· Taungya, which had its origins in Burma in the mid-1880s, was the first "modern" (as opposed to "traditional", as in swiddening) agroforestry practice, it was designed as a low-cost governmental approach to the reforestation of open lands. Farmers are temporarily allotted government lands and contracted to plant desired tree species. While the trees are young and before the canopies close (one to three years, depending on the initial spacing and the inherent crown structure of the tree species), the farmers are allowed to plant food crops whose yields become theirs entirely and are regarded as their compensation for planting the trees. When food cropping is no longer possible, because of shading, the farmers are transferred to another open area where they repeat the process. Meanwhile, the "abandoned" area is by then a well-established forest and will not be cultivated for annual food crops again until the planted trees reach maturity and are harvested.

The rotation between trees and annuals under the taungya system is slightly different from that in swiddening in the sense that there is a temporal overlap between the crops (Figs. 1b and 1c). Another difference is that the tree crop during the fallow consists of systematically spaced and selected tree species rather than those that are randomly capable of natural regenerating or sprouting in an abandoned swidden.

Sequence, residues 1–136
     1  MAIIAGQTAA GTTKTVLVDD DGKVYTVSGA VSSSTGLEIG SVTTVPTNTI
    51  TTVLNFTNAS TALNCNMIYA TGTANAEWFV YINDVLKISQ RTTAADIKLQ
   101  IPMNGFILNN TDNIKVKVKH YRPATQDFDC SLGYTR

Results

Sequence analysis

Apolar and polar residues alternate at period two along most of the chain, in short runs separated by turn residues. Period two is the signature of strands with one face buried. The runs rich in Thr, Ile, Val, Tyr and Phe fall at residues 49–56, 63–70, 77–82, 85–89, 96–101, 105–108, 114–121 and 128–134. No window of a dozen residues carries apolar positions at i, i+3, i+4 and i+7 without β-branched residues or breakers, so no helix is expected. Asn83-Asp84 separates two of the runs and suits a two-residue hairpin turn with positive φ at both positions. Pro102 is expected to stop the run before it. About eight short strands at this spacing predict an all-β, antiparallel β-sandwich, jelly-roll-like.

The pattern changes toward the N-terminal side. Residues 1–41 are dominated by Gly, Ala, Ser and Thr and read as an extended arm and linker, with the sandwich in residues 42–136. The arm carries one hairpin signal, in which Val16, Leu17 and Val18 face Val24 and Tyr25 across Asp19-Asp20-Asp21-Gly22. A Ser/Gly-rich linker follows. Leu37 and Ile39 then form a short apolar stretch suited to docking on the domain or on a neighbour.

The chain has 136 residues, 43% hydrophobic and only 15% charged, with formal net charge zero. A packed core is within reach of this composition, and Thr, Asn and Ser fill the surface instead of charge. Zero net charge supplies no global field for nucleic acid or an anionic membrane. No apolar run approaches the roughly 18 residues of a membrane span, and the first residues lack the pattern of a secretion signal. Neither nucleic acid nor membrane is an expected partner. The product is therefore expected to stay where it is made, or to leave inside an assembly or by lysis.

Figure 1: Agroforestry crop rotation system

Intercropping system (based on the spatial arrangement of crops). Under this system, the annual and perennial crop components are simultaneously present on site but are spaced in such a manner that they became mutually supportive rather than competing. Under such circumstances, they may jointly yield higher outputs per hectare per year. Four subsystems are found under this type (see Fig. 2):

· Border tree planting (Fig. 2a) is often found where farmers use lines of trees specifically as boundary markers, live fences, wind-breaks or fire-breaks. These functions complement their services in protecting or stabilizing the site, in producing green manure as organic fertilizer, in producing fodder for farm animals and in producing fuelwood.

· Alternate rows (Fig. 2b) and alternate strips (Fig. 2c) are referred to in the literature as "alley", "avenue", "corridor", "zonal", or "hedgerow" cropping (a "strip" differs from a row in that it is composed of two or more rows). When positioned across the slopes or along the contours, they are found most effective for erosion control and slope stabilization.

· Random mix (Fig. 2d) is a subsystem that displays no specific or orderly placement of the component crops. While the arrangement appears chaotic, the plants actually occupy their own special ecological niches and are able to coexist very well. Many of the home gardens of Indonesia and the Philippines are of this type (Christianty et al., 1982).

Figure 2a: Intercropping system

Figure 2b: Intercropping system

Figure 2c: Intercropping system

Figure 2d: Intercropping system